Questions Asked of Candidates
1. How have disability issues affected you and your family?
2. What do you see as being the greatest accessibility challenges within your constituency and what will you do to address these challenges?
Green Party of Manitoba Candidate - Robert Smith
No response received
Independent Candidate - Damian Dempsey
Answer 1. So far I have not been greatly affected by disability issues in my personal life, though I remember when my uncle was suffering the effects of MS back in Britain in the 1970's. There was no concept of access for disabilities. We had to carry him up and down stairs and assist in any number of ways when were out together. It was a sort of 'figure it out yourself' mentality for how to get physical access to things. It is still a mystery to me what you were supposed to do without family and friends for support. And just the idea that one would constantly need to be dependent on others, and not have services that are accessible for those with limited mobility to help themselves, is wrong. My own experience with disability was when I had carpal tunnel surgery and could not use one of my hands. I could only imagine what it would be like to have those limitations permanently, or in both hands. So many activities I normally take for granted were nearly impossible to perform on my own; constantly needing help was very frustrating.
Many of our citizens have serious and permanent disabilities, and when part of the community is affected we all are. As we move ahead to where every individual has access to the advantages of our society, we need to accomplish that goal for our people with disabilities. These advantages include having meaningful work with opportunities for advancement, ensuring adequate support for individuals so that all are cared for and able to access social/health services and cultural amenities, and maximizing individual potential to achieve and be as independent as possible. This is a challenge for society as a whole, and it poses specific issues for people with disabilities.
Answer 2. It is hard to select the greatest accessibility challenges in Agassiz, as so many are interrelated. Limited physical accessibility in businesses and public places is linked to limited or non-accessibility in terms of finding employment, getting promotions, and just being able to patronise those places. All Agassiz residents experience wait lists to get family doctors and often long wait times to get appointments, and that needs to be addressed; targeting the same issues for people with disabilities to get timely physical and mental health support is a must.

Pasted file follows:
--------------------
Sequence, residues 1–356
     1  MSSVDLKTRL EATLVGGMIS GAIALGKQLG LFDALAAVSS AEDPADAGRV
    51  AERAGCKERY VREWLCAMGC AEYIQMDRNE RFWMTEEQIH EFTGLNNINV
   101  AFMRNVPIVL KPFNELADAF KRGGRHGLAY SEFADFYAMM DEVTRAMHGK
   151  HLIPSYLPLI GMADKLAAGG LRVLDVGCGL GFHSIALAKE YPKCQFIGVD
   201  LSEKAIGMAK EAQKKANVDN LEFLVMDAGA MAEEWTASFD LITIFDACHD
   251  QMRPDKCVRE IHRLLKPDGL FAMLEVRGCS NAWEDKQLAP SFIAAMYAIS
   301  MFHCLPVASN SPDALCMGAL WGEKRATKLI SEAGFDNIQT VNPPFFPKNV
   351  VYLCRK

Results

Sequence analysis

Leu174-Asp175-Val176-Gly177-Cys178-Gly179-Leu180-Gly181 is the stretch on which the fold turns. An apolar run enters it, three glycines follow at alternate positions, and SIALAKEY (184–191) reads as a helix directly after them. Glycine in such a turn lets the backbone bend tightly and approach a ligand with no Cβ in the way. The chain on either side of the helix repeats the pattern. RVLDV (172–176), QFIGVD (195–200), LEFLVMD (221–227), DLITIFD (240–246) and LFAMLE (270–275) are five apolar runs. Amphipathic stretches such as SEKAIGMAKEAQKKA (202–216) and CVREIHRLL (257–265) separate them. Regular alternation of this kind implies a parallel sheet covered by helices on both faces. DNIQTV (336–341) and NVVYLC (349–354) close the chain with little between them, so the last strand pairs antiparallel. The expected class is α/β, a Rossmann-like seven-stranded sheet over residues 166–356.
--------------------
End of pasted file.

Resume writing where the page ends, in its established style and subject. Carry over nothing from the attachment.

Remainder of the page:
If elected, I would press for honoring the terms of the AMA that was passed in 2013. Also, the "Five-Priority Pathway" proposed by Abilities Manitoba sums up many of the issues that need to be addressed in order to provide Manitoba's citizens with disabilities access to the lives they deserve, and to give those who are employed in serving that population fair and just working conditions and competitive wages. Shortening wait times for services, altering government programs so that they encourage people with disabilities to obtain employment and educate employers about employing the disabled, supporting youth with disabilities through strong school-to-work transition programs are all important. Of course ensuring that public places are physically accessible to all is a necessity. We can look to other provinces for successful programs that support income for those with severe and permanent disabilities so they are not living life in poverty. This is a long and challenging to do list but we need to get a start on it.
New Democratic Party Candidate - Courtney Lucas
Answer 1. A family member of mine lives with an intellectual disability. The stigma surrounding disabilities is something that definitely needs to be addressed in society.
Answer 2. Many Manitobans face real barriers in receiving the care they need simply due to the great distances they need to travel to receive access. I would work hard in making sure that those services are more accessible and affordable.
Progressive Conservative Party of Manitoba Candidate - Eileen Clarke
Answer 1: I have had people within my family with disabilities. I had a cousin with Downs Syndrome who lived to her senior years and her younger sister who has been living with Multiple Sclerosis since she was 16 years of age. She has over the years lost all her independence and has lived for the past years in a long term care facility. She has a sound mind but is young and living with people who are much older. Her quality of life is sad because her surroundings are difficult to survive in. This past year my dad was very ill and gradually lost his ability to drive, walk and look after his basic daily needs. We had to adjust to a completely different life.
Answer 2: There are issues across the Agassiz Constituency that affected persons with disabilities, persons of all ages and a variety of disabilities. I understand the needs of access in to buildings, access to appropriate transportation, ability to remain independent with small changes in buildings and businesses. I am committed to work within my constituency and throughout the province to ensure persons with disabilities have a voice in government and are considered a priority for discussion and funding where most required. I met with management and board members just a few days ago to discuss their programs and challenges and I look forward to future meeting if elected. I will also meet with the management and board at Sprucedale in Austin.